Rig Veda, tr. by Ralph T.H. Griffith, , at sacred-texts.com
1. As sits the young bird on the tree rejoicing, ye, swift Pair, have been roused by clear laudation,
Whose Herald-Priest through many days is Indra, earth's Guardian, Friend of men, the best of Heroes.
2 May we, when this Dawn and the next dance hither, be thy best servants, most heroic Hero!
Let the victorious car with triple splendour bring hitherward the hundred chiefs with Kutsa.
3 What was the gladdening draught that pleased thee, Indra? Speed through our doors to songs, for thou art mighty.
Why comest thou to me, what gift attracts thee? Fain would I bring thee food most meet to offer.
4 Indra, what fame hath one like thee mid heroes? With what plan wilt thou act? Why hast thou sought us?
As a true Friend, Wide-Strider! to sustain us, since food absorbs the thought of each among us.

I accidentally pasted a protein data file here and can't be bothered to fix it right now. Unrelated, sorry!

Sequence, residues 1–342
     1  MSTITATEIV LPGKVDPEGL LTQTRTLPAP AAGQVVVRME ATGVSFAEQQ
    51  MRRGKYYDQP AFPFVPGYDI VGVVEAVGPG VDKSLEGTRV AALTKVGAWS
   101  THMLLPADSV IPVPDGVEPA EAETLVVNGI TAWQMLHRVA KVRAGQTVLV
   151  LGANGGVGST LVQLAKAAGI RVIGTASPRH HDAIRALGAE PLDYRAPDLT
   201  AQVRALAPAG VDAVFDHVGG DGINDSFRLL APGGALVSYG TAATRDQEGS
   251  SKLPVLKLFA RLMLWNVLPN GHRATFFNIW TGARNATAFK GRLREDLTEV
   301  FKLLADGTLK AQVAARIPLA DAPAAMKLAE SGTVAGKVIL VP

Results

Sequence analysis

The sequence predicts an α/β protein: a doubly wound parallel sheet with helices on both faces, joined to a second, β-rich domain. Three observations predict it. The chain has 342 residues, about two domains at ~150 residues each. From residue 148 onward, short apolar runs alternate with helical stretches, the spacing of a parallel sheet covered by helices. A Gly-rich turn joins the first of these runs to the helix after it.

5 Speed happily those, as Sūrya ends his journey, who meet his wish as bridegrooms meet their spouses;
Men who present, O Indra strong by nature, with food the many songs that tell thy praises.
6 Thine are two measures, Indra, wide-wellmeted, heaven for thy majesty, earth for thy wisdom.
Here for thy choice are Somas mixed with butter: may the sweet meath be pleasant for thy drinking.
7 They have poured out a bowl to him, to Indra, full of sweet juice, for faithful is his bounty.
O'er earth's expanse hath he grown great by wisdom, the Friend of man, and by heroic exploits.
8 Indra hath conquered in his wars, the Mighty: men strive in multitudes to win his friendship.
Ascend thy chariot as it were in battle, which thou shalt drive to us with gracious favour.